Cementing a More Sustainable Future
Clarke Snell is a builder, a dreamer, and a 50 year-old student bent on saving the planet — one house at a time.
As an architecture graduate student at the University of North Carolina at Charlotte, Snell is tackling what he sees as the greatest challenge of our time: climate change. Armed with a firm belief that sustainable design can help slow the warming trend, he and his fellow students have set their sights on tackling a major climate change culprit: concrete.
Concrete accounts for somewhere between 5-8% of the world’s total carbon dioxide emissions. It’s the most widely used building material on the planet. We produce nearly three tons of the stuff, per person, every year. From buildings, to bridges, to bathroom countertops, concrete is here to stay.
The question is: what are we going to do about it?
One answer is eco-friendly geopolymer cement, which can reduce the carbon footprint associated with concrete by up to 90%.
Cement and concrete are often used interchangeably, but they are actually two separate products. For starters, cement is an ingredient used to make concrete. You can’t make traditional concrete without cement. Conventional cement (also known as Portland cement) is a very fine powder typically made by burning limestone and other minerals at temperatures over 2,500°F.
Concrete is the mixture of aggregate (a combination of sand, gravel or crushed stone), and a paste material comprised of water and cement. Through a process called hydration, the cement and water harden with the aggregate, binding the mixture into a rocklike mass that can be shaped and set as needed.
As history can attest (see, Roman empire) concrete is strong, durable, and relatively easy to transport. But there’s a caveat: making one ton of concrete releases a ton of carbon dioxide into the atmosphere. Literally.
Here’s the good news: There is a viable alternative– and Snell and his team at the University of North Carolina at Charlotte are already using it.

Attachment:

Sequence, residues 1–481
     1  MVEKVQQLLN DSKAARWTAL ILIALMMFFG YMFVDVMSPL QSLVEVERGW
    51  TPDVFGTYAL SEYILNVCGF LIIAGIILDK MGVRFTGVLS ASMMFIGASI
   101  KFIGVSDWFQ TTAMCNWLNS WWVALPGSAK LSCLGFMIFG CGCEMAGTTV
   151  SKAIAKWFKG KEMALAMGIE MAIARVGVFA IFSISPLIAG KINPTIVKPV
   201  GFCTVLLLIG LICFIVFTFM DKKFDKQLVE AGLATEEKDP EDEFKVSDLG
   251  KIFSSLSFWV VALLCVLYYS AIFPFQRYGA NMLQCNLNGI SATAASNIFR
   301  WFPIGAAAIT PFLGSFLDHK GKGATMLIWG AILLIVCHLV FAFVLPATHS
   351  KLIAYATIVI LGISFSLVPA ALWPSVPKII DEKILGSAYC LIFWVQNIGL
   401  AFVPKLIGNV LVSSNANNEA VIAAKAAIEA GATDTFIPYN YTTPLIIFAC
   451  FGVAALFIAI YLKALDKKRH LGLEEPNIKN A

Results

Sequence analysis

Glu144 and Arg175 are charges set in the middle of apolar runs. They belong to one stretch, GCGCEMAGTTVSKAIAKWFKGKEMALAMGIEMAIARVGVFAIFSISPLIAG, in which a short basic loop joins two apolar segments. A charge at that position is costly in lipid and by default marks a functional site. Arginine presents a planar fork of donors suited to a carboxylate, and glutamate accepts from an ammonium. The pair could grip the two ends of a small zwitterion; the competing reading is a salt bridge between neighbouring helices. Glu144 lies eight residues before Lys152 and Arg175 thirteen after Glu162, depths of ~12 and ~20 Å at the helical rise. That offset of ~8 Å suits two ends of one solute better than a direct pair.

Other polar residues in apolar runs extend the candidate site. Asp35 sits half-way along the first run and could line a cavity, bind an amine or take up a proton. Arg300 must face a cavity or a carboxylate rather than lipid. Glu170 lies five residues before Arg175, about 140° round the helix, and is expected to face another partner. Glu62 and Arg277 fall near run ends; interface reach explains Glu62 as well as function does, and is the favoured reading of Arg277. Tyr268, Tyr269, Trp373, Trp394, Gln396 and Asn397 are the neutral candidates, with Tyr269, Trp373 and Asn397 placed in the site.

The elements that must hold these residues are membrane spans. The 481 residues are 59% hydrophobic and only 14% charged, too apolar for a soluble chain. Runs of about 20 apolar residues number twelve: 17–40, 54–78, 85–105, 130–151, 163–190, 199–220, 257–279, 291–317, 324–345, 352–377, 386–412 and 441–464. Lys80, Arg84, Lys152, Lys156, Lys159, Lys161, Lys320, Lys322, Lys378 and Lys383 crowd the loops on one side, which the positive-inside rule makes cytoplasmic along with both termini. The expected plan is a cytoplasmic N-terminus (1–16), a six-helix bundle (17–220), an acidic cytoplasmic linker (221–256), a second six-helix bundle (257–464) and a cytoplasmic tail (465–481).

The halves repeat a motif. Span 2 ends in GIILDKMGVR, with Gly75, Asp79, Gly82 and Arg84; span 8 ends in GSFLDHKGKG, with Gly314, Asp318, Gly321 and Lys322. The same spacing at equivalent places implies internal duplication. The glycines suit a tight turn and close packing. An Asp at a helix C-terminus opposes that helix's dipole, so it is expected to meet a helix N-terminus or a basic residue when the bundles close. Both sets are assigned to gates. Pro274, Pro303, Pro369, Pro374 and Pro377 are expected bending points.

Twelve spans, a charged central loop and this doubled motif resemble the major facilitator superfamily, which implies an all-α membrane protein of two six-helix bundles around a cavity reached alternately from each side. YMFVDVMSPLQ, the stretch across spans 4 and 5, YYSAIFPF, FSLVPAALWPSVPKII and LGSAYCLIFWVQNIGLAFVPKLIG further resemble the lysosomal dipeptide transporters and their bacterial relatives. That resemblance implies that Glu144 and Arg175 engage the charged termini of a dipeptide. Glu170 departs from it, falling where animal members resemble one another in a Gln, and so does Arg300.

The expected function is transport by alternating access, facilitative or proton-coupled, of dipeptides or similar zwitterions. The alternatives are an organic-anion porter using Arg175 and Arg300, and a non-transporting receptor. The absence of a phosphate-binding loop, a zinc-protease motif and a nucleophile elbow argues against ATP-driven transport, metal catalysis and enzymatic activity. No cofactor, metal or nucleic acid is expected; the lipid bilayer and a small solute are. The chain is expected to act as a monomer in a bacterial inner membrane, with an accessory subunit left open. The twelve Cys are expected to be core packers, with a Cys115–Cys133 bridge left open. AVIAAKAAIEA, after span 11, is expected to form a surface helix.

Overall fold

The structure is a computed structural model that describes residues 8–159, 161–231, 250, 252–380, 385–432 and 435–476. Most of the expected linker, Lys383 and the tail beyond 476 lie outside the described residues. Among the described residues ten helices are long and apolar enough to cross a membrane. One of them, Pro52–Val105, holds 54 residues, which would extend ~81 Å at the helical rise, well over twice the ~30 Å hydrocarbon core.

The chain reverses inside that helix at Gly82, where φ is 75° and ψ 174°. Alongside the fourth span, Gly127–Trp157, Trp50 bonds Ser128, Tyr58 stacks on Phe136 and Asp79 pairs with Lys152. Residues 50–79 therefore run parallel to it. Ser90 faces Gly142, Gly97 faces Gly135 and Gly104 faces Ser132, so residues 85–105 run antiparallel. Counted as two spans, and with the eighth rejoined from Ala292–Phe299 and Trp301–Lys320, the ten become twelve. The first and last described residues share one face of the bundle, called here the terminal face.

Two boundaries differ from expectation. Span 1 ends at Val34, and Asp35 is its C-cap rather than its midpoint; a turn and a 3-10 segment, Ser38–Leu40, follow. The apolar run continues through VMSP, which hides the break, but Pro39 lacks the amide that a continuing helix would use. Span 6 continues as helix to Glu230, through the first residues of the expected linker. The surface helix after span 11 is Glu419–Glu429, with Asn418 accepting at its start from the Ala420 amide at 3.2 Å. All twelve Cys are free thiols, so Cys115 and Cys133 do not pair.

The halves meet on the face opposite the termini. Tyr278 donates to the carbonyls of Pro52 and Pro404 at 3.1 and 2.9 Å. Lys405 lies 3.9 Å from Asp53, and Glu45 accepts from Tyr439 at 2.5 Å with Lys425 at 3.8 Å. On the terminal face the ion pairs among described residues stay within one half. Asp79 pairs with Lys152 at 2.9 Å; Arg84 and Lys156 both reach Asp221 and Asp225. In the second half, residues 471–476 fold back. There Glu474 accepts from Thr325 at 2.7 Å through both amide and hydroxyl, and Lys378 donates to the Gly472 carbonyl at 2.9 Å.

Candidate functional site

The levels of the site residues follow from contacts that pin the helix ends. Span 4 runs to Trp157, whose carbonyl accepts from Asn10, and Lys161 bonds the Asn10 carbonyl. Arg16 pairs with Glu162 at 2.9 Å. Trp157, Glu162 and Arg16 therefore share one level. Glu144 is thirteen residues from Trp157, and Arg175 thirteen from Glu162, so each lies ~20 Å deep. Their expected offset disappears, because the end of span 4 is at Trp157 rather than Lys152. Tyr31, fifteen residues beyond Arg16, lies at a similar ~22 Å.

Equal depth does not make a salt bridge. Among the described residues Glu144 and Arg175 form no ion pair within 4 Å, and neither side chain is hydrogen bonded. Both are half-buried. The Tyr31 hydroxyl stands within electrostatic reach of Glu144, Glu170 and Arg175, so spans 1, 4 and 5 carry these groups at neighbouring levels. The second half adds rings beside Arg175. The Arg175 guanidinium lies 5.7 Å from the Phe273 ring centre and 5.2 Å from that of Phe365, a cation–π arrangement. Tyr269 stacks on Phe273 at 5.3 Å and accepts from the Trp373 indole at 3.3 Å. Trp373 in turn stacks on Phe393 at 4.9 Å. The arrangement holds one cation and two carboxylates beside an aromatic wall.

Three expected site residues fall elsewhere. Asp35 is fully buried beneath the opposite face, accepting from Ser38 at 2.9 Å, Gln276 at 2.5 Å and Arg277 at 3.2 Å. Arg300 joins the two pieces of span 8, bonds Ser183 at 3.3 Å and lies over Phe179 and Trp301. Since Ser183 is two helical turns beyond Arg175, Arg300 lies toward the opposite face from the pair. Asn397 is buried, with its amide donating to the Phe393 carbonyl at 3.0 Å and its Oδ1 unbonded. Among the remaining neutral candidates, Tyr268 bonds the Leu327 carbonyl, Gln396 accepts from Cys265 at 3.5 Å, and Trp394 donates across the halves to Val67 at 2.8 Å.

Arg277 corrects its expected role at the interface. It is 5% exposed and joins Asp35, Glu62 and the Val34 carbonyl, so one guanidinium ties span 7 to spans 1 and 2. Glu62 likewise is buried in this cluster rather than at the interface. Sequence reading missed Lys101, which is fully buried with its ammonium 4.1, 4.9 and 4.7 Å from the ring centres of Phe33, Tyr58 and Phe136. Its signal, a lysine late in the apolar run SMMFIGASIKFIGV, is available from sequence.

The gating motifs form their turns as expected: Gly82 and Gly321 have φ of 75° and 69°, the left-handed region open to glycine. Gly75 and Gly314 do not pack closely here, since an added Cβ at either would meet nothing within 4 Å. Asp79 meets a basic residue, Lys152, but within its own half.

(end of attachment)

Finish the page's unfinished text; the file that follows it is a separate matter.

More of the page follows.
A biennial competition sponsored by the Department of Energy challenges schools from around the world to design and build energy efficient, solar powered homes. The UNC Charlotte team wanted to use concrete for its durability and strong insulation properties, but they didn't like the carbon emissions associated with producing Portland cement – the glue that holds concrete together.
So they used a geopolymer composite material made from fly ash to replace the conventional Portland cement. Fly ash, or flash, is a recyclable by-product from coal power plants that is both strong and durable. The flash creates a binding material that, when combined with certain activating chemicals, can be used to make concrete.
The new material looks and performs like conventional concrete but doesn’t have to be burned at 2,500°F, thereby skirting most of the associated carbon dioxide emissions. As student Project Manager Clarke Snell says, “If emulated in all building projects, this small, essentially plug and play substitute, would be world changing.”
Additional information about use of geopolymer based cement developed by Dr. Brett Tempest at UNC-Charlotte – (Link)Tags: architecture, cement, co2, concrete, decathlon, design, eden, Engineering, Environment, featured, full-image, pbs, Physics, QUEST, solar, solar decathlon, unc charlotte, unc-tv, UNCTV, urban, urban eden, urbaneden